Snow squalls, sharp winds and plunging temperatures hit the Washington area yesterday, suddenly reversing the weekend's spring-like balminess. The rest of the nation also reeled under freakish weather conditions, ranging from tornadoes in Florida to shore-eroding high tides in California.

Fast falling snow - part of a massive cold front extending from Florida to New England - struck here early, snarling morning commuter traffic and causing hundreds of minor accidents.

Winds gusting to 50 miles per hour felled trees, toppled the top three stories of an office building under construction in Fairfax City and crushed a car under a fallen tree in Gaithersburg. No injuries were reported.

The snow stopped abruptly before noon, but ice formed on many roads and remained throughout the day as temperatures fell below the freezing mark and headed for the coldest weather so far this season last night.

Thought the snow stopped, the National Weather Service predicted continued cold weather at least through Thursday. Skies generally should be fair for the next day or two, but some rain or snow may return on Friday with the expected moderation in temperatures.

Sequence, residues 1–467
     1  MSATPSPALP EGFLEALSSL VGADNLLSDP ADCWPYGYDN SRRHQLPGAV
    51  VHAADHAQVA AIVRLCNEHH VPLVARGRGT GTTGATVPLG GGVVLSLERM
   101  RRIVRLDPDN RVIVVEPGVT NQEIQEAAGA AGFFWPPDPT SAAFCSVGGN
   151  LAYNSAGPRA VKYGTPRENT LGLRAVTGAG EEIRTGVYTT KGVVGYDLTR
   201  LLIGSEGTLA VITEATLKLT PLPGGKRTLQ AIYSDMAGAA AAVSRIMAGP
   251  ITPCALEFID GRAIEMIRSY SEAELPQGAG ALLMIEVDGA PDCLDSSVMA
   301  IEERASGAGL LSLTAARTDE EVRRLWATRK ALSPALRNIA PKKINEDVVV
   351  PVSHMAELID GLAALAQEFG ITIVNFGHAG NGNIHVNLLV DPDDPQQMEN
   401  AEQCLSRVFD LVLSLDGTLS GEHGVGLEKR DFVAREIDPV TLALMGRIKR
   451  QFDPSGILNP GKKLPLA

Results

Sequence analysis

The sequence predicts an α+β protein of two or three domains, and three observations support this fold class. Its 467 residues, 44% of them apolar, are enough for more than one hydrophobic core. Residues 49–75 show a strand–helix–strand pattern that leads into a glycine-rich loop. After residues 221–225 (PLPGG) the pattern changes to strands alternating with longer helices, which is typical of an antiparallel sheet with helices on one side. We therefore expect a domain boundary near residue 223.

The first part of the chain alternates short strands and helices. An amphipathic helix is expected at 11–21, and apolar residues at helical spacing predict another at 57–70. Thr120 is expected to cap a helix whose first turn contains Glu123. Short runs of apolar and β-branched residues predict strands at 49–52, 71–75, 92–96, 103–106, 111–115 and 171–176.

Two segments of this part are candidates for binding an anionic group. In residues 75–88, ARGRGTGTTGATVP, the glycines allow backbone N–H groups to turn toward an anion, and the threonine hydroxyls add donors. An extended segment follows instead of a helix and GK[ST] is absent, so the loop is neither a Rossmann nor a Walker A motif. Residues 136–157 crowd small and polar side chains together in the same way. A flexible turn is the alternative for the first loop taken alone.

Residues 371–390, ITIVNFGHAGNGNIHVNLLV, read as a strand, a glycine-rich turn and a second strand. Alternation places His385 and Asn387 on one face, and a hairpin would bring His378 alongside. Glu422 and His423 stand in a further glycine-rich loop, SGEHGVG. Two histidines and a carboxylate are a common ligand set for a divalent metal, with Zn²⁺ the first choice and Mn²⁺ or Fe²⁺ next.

Road crews in the city and suburbs spread rock salt and sand on most major arterials yesterday and officials generally reported fewer tie-ups and accidents during the evening rush hour than in the morning.

The most serious accident involved a 19-car chain reaction smashup on Interstate 95 near Laurel in Howard Country yesterday morning. Maryland state police reported a southbound tractor trailer rig jacknifed about 8:30 a.m. on the icy road, causing 19 cars behind it to slide and bump into each other. Parts of southbound 1.95 between Rte 216 and Rte. 32 were closed for up to two hours creating a massive traffic backup. Police said there were no injuries.

Other suburban areas also reported treacherous roads, and commuters reported taking 30 to 60 minutes longer than usual to get to work.

On 1-66 near the Rte. 123 exit in Fairfax County, incoming traffic was halted by two jacknifed tractor trailers and had to make a detour.

Harsh weather conditions also prevailed elsewhere in the nation.

Hurricane-force winds buffeted Cape Cod. High winds knocked over a radio transmission tower in Bridgeport, Conn. Gale warnings were issued for Chesapeake Bay and the adjacent Atlantic Ocean.